Case details

Crash-related injury will cause early retirement: motorcyclist





Result type

Not present

emotional distress, fracture, leg, mental, psychological
During the evening of Nov. 20, 2014, plaintiff Colton Kirwan, an off-duty police officer, was riding his personal motorcycle on Westwing, in Aliso Viejo, when a sport utility vehicle operated by Parul Gupta pulled out from a side street in front of him. The motorcycle subsequently struck the SUV, causing Kirwan to fly over the handlebars, impact the SUV’s windshield, and roll onto the hood, where he remained for 30 minutes until paramedics responded to the scene. Kirwan sued Gupta, alleging that Gupta was negligent in the operation of her vehicle. Plaintiff’s counsel contended that Gupta had a stop sign at the intersection and that there was no traffic signal for Kirwan’s direction of travel. Thus, counsel argued that Gupta failed to yield the right-of-way to Kirwan. The plaintiff’s accident reconstruction expert opined that, based on the absence of skid marks and the low amount of physical damage to the motorcycle and Gupta’s vehicle, Kirwan was traveling at or under the speed limit of 35 mph as he approached the intersection. Both parties agreed that although it was nighttime, visibility was not an issue. Defense counsel blamed the accident on Kirwan, arguing that Kirwan’s high performance motorcycle was traveling in excess of the 35 mph speed limit, possibly traveling as high as 60 mph. The defense’s accident reconstruction expert opined that if Kirwan had been going the speed limit, the collision would not have occurred. The experts agreed that there were no skid marks and that the impact speed was approximately 25 mph. However, the defense’s accident reconstruction expert used computer simulation software called PC Crash to support his opinion that Kirwan had gotten his motorcycle up to 60 mph and then slowed to 25 mph just before impact. In response, plaintiff’s counsel argued that the 60 mph allegation required the impact to have occurred in a very specific location on the road, which was refuted by the physical evidence, including photographs of the vehicles at rest and scuff marks on the pavement made by the motorcycle when it hit the ground., After the impact, Kirwan lay on the hood of the SUV, while briefly unconscious, until he was transported to a hospital. He sustained a fracture of his right femur. The following day, Kirwan underwent an internal fixation, which required drilling a tunnel into the femur and inserting a permanent, titanium rod in the center of the femur. Kirwan was off of work for one month following the accident. He was then on limited duty for six months. However, Kirwan testified that due to his continuing pain and anxiety, he planned to retire early, which would affect his future earnings and retirement benefits. The plaintiff’s economic expert calculated that Kirwan’s past loss of earnings totaled $53,000, and future loss of earnings and benefits would total $870,000. Defense counsel contested Kirwan’s future-loss-of-income claim, arguing that Kirwan’s early retirement was speculative given that Kirwan had returned to full duty and had not complained about an inability to perform his duties. Prior to trial, the parties stipulated that the plaintiff’s damages would not exceed Gupta’s $1.25 million insurance policy limit.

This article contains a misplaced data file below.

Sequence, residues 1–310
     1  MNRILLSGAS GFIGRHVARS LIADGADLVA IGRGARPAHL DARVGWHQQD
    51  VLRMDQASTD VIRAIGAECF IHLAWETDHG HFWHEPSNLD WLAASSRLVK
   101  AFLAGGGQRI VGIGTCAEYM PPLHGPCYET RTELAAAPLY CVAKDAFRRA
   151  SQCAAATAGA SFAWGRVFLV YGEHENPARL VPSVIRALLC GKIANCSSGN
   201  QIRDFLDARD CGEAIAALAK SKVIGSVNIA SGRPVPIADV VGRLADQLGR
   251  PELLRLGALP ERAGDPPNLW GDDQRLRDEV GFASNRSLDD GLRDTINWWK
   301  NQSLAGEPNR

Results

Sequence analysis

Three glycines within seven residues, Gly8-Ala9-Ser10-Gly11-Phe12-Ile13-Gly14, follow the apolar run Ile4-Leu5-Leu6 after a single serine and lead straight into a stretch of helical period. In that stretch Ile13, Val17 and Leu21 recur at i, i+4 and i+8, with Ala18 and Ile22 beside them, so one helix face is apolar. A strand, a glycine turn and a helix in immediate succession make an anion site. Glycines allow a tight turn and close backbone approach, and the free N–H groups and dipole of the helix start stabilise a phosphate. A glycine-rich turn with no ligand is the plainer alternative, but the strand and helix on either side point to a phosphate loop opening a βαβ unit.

Superior Court of Orange County, Orange, CA

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